Worms, Beetles in Soil Part of Untapped Trove, UN Says
OSLO Worms, bacteria and beetles living below ground are part of the largest and least known trove of life on earth that could have spinoffs from farming to pharmaceuticals, a U.N. report said on Wednesday.
"We know little of what is living below our feet...yet it is vital to sustaining life on earth," said Ahmed Djoghlaf, Executive Secretary of the U.N. Convention on Biological Diversity, which is hosting March 20-31 talks in Brazil.
French 19th century chemist and microbiologist Louis Pasteur was right to say that 'the role of the very small is large', Djoghlaf told Reuters.
Experiments in promoting natural organisms in soils -- shifting from use of artificial pesticides and fertilisers -- had helped improve crop yields in some studies in Brazil, Ivory Coast, Indonesia, India, Kenya, Mexico and Uganda.
Experts in the project believed that soil-dwellers such as earthworms, fungi, termites, ants and bacteria were part of "biggest source of untapped and unknown life on earth", a U.N. statement said.
The life forms could help farming and were "a potential source of new...pharmaceutical and industrial products," it said. Most bids to chart life on earth focus on exotic rain forests, coral reefs or mangroves -- overlooking humble mud.
In India, for instance, re-introduction of local earthworms had improved tea harvests at some plantations by almost 300 percent, Djoghlaf said.
In the Los Tuxtlas reserve in northern Mexico, bean yields had risen more than 40 percent after farmers started using a type of nitrogen-fixing microbe found in local forest soils as a "bio-fertiliser".
Soil-burrowers such as termites -- often dismissed as pests -- can help aerate soil and ensure that it can absorb water.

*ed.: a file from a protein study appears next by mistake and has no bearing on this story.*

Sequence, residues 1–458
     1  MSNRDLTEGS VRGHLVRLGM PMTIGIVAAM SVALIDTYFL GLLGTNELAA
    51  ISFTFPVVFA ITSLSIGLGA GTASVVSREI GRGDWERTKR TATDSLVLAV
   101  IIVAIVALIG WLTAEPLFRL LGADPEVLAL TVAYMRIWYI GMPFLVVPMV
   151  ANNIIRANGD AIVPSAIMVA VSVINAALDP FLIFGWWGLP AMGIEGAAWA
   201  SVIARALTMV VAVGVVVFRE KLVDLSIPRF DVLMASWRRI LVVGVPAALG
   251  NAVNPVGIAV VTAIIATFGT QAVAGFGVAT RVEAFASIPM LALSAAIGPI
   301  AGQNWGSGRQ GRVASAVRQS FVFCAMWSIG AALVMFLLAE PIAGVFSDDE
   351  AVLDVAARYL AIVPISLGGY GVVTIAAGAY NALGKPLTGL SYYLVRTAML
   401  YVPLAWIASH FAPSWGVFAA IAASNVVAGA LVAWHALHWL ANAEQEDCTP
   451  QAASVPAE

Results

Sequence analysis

The report said the benefits of diverse soils went beyond farming -- the Los Tuxtlas reserve was a rain forest where 40,000 hectares (98,840 acres) were lost in the past 40 years.
"Boosting yields using naturally occurring soil organisms may reduce the need to clear more forest for agriculture, thus helping to conserve the forest and its diversity both above and below ground," it said.
And soils were often richer in life in forests and fallow land than on farms. A study in Indonesia showed that "the richness and abundance of ants, beetles and termites decreased with increasing land intensification," it said.
Researchers in the project, launched in 2002 and coordinated by the Tropical Soil Biology and Fertility Institute in Nairobi, had also added 15,000 specimens, ranging from worms to fungi, to national collections. Many were believed to be new to science.
The U.N. talks in Curitiba, Brazil, are seeking ways to achieve a U.N. goal, set by world leaders in 2002, of slowing the rate of loss of the diversity of life on earth by 2010.